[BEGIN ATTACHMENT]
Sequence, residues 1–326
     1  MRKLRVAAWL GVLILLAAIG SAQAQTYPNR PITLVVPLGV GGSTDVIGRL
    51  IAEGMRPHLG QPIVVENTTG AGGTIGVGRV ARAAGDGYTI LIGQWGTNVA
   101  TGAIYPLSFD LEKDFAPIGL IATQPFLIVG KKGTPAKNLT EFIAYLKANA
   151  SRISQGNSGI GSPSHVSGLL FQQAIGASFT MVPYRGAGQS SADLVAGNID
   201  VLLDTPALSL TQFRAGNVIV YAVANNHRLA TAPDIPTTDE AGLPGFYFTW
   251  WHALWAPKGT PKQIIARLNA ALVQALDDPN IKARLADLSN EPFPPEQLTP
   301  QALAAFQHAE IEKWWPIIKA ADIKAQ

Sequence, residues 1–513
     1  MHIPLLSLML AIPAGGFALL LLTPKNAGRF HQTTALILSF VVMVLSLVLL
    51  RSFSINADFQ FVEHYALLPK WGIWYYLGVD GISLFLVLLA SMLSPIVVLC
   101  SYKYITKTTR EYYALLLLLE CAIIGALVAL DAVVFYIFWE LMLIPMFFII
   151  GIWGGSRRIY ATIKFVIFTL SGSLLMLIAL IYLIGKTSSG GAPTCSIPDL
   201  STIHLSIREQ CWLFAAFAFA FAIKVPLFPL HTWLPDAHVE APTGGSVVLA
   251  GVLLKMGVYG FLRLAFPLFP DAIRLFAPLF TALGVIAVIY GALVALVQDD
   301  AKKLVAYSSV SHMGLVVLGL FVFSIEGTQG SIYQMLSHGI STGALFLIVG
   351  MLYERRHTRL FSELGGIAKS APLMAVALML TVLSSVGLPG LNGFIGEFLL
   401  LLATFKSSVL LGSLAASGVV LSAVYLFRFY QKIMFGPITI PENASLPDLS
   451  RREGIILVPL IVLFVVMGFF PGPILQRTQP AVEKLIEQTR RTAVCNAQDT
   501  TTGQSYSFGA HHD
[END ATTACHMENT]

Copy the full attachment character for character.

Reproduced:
Sequence, residues 1–326
     1  MRKLRVAAWL GVLILLAAIG SAQAQTYPNR PITLVVPLGV GGSTDVIGRL
    51  IAEGMRPHLG QPIVVENTTG AGGTIGVGRV ARAAGDGYTI LIGQWGTNVA
   101  TGAIYPLSFD LEKDFAPIGL IATQPFLIVG KKGTPAKNLT EFIAYLKANA
   151  SRISQGNSGI GSPSHVSGLL FQQAIGASFT MVPYRGAGQS SADLVAGNID
   201  VLLDTPALSL TQFRAGNVIV YAVANNHRLA TAPDIPTTDE AGLPGFYFTW
   251  WHALWAPKGT PKQIIARLNA ALVQALDDPN IKARLADLSN EPFPPEQLTP
   301  QALAAFQHAE IEKWWPIIKA ADIKAQ

Sequence, residues 1–513
     1  MHIPLLSLML AIPAGGFALL LLTPKNAGRF HQTTALILSF VVMVLSLVLL
    51  RSFSINADFQ FVEHYALLPK WGIWYYLGVD GISLFLVLLA SMLSPIVVLC
   101  SYKYITKTTR EYYALLLLLE CAIIGALVAL DAVVFYIFWE LMLIPMFFII
   151  GIWGGSRRIY ATIKFVIFTL SGSLLMLIAL IYLIGKTSSG GAPTCSIPDL
   201  STIHLSIREQ CWLFAAFAFA FAIKVPLFPL HTWLPDAHVE APTGGSVVLA
   251  GVLLKMGVYG FLRLAFPLFP DAIRLFAPLF TALGVIAVIY GALVALVQDD
   301  AKKLVAYSSV SHMGLVVLGL FVFSIEGTQG SIYQMLSHGI STGALFLIVG
   351  MLYERRHTRL FSELGGIAKS APLMAVALML TVLSSVGLPG LNGFIGEFLL
   401  LLATFKSSVL LGSLAASGVV LSAVYLFRFY QKIMFGPITI PENASLPDLS
   451  RREGIILVPL IVLFVVMGFF PGPILQRTQP AVEKLIEQTR RTAVCNAQDT
   501  TTGQSYSFGA HHD